RAPID + TCT is an additive manufacturing event that showcases product innovations and offers collaborative learning opportunities to ultimately accelerate the adoption and advancement of the technology. The two industry leaders in 3D technology events, SME and Rapid News Publications Ltd., combined their nearly 30 years of insights and experience to produce the annual RAPID + TCT event starting in 2017 in Pittsburgh, Pennsylvania.
A novel gene therapy using CRISPR genome editing technology effectively targets cancer-causing “fusion genes” and improves survival in mouse models of aggressive liver and prostate cancers, University of Pittsburgh School of Medicine researchers report in a study published online recently in Nature Biotechnology. McGowan Institute for Regenerative Medicine affiliated faculty members George Michalopoulos, MD, PhD, Professor and Chairman of the Department of Pathology at the University of Pittsburgh, and Satdarshan Monga, MD, Endowed Research Chair in Experimental Pathology and the Vice-Chair of the Division of Experimental Pathology, Department of Pathology at Pitt, are co-authors on the study.
“This is the first time that gene editing has been used to specifically target cancer fusion genes. It is really exciting because it lays the groundwork for what could become a totally new approach to treating cancer,” explained lead study author Jian-Hua Luo, MD, PhD, professor of pathology at Pitt’s School of Medicine and director of its High Throughput Genome Center.
Fusion genes, which often are associated with cancer, form when two previously separate genes become joined together and produce an abnormal protein that can cause or promote cancer.
Dr. Luo and his team had previously identified a panel of fusion genes responsible for recurrent and aggressive prostate cancer. In a study published earlier this year in the journal Gastroenterology, the team reported that one of these fusion genes, known as MAN2A1-FER, also is found in several other types of cancer, including that of the liver, lungs, and ovaries, and is responsible for rapid tumor growth and invasiveness.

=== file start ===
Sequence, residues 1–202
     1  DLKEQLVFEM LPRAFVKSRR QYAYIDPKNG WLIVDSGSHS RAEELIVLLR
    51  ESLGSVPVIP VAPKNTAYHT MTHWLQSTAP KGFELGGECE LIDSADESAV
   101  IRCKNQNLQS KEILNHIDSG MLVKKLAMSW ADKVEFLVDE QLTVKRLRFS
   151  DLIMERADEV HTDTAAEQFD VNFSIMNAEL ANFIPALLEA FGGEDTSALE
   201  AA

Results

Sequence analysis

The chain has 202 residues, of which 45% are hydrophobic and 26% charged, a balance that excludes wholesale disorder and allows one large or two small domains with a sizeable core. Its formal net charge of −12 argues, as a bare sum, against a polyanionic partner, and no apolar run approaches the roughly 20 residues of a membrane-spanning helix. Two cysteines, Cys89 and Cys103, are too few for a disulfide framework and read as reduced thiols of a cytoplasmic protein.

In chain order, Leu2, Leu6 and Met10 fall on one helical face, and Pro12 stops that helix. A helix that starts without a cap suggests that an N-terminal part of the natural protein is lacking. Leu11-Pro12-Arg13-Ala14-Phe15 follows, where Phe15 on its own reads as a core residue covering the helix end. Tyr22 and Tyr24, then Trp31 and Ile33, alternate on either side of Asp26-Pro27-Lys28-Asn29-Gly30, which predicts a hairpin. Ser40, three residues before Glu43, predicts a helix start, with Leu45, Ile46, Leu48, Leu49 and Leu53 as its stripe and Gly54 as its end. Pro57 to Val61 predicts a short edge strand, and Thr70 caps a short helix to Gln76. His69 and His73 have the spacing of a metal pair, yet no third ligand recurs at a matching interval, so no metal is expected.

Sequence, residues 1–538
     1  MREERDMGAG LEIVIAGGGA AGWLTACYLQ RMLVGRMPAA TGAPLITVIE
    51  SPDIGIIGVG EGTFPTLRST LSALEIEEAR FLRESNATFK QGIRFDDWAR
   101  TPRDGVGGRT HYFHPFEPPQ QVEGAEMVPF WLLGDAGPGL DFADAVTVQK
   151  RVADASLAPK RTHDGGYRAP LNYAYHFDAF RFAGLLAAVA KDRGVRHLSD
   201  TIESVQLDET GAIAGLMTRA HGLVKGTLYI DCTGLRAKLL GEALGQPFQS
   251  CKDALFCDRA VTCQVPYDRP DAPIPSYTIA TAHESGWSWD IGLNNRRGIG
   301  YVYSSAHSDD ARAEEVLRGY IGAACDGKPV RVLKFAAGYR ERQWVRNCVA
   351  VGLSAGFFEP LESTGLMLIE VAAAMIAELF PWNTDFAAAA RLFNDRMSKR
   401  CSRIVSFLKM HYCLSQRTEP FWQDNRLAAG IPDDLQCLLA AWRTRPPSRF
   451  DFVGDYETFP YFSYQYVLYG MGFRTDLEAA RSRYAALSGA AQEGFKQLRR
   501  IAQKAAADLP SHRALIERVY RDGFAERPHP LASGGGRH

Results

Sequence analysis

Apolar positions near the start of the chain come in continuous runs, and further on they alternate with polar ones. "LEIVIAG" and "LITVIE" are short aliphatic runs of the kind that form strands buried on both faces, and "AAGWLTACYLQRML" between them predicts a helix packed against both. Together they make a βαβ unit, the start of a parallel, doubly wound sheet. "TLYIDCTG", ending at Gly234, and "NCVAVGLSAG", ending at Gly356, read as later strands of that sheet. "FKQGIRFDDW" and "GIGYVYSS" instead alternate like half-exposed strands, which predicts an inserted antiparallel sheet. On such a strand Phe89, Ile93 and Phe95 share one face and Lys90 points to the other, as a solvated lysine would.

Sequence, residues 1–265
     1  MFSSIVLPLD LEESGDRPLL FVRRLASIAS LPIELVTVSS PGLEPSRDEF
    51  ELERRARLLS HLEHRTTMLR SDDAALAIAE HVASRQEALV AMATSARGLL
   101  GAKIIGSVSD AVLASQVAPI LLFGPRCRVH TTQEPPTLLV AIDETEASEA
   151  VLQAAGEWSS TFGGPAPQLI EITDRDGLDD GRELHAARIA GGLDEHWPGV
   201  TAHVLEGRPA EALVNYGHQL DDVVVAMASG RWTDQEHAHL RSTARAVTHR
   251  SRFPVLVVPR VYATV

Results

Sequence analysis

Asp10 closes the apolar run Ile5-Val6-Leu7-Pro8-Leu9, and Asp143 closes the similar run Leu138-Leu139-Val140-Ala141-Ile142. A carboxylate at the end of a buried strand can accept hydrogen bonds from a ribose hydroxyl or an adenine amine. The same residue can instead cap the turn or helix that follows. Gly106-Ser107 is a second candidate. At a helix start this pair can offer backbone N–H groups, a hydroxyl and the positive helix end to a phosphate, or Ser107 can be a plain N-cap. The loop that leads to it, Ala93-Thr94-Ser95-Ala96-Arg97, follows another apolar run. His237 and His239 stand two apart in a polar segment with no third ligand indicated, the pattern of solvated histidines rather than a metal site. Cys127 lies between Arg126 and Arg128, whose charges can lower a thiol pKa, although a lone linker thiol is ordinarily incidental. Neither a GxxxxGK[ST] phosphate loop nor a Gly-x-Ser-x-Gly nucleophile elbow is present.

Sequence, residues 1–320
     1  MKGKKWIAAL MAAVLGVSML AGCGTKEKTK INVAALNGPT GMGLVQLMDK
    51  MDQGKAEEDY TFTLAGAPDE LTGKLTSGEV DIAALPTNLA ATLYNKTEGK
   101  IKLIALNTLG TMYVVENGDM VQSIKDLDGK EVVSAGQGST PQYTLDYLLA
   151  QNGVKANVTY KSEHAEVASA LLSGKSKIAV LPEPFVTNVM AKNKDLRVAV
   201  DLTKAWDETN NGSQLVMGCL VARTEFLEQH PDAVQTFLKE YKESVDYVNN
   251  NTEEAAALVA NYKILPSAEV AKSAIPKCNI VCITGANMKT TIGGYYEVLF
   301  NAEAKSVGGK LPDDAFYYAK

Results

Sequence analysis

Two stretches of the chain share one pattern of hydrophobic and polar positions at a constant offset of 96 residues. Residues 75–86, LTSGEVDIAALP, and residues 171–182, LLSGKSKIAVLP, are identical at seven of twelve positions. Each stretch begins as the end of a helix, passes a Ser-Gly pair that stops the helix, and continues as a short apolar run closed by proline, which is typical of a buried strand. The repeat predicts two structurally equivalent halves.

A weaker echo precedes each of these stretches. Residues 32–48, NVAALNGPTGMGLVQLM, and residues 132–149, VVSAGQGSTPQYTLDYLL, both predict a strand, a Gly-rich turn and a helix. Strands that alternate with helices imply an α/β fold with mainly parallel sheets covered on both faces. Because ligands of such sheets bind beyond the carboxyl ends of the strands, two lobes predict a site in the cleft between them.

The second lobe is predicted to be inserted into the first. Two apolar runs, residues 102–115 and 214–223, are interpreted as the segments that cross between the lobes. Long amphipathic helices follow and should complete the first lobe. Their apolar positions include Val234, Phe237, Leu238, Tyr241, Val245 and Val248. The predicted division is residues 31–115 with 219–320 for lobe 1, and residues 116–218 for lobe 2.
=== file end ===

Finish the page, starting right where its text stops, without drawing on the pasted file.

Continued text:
In the current study, the researchers employed the CRISPR-Cas9 genome editing technology to target unique DNA sequences formed because of the gene fusion. The team used viruses to deliver the gene editing tools that cut out the mutated DNA of the fusion gene and replaced it with a gene that leads to death of the cancer cells. Because the fusion gene is present only in cancer cells, not healthy ones, the gene therapy is highly specific. Such an approach could come with significantly fewer side effects when translated to the clinic, which is a major concern with other cancer treatments such as chemotherapy.
To conduct the study, the researchers used mouse models that had received transplants of human prostate and liver cancer cells. Editing the cancer fusion gene resulted in up to 30 percent reduction in tumor size. None of the mice exhibited metastasis and all survived during the 8-week observation period. In contrast, in control mice treated with viruses designed to cut out another fusion gene not present in their tumors, the tumors increased nearly 40-fold in size, metastasis was observed in most animals, and all died before the end of the study.
The new findings suggest a completely new way to combat cancer. “Other types of cancer treatments target the foot soldiers of the army. Our approach is to target the command center, so there is no chance for the enemy’s soldiers to regroup in the battlefield for a comeback,” said Dr. Luo.
Another advantage over traditional cancer treatment is that the new approach is very adaptive. A common problem that renders standard chemotherapies ineffective is that the cancer cells evolve to generate new mutations. Using genome editing, the new mutations could be targeted to continue fighting the disease, Dr. Luo noted.
Illustration: Cancer cell line with CRISPR-based gene therapy delivered via viruses. University of Pittsburgh Medical Center.
AWARDS AND RECOGNITION
Rinko Maeshima is an undergraduate Research Assistant at the McGowan Institute for Regenerative Medicine and will graduate from Carnegie Mellon University (CMU) majoring in Chemical and Biomedical Engineering. Ms. Maeshima works in the laboratory of McGowan Institute’s Deputy Director Stephen Badylak, DVM, PhD, MD, Professor in the Department of Surgery and Director of the Center for Pre-Clinical Tissue Engineering within the Institute.
Recently at CMU’s Meeting of the Minds – Undergraduate Research Symposium, Ms. Maeshima took first place in the CIT Honors Research Poster Competition winning a $500 prize. The title of her poster was “Generation and Evaluation of Porcine Liver Extracellular Matrix as a Tool for Culturing Human Induced Pluripotent (iPSC)-Derived Hepatocytes.”
In Dr. Badylak’s laboratory, Ms. Maeshima works on: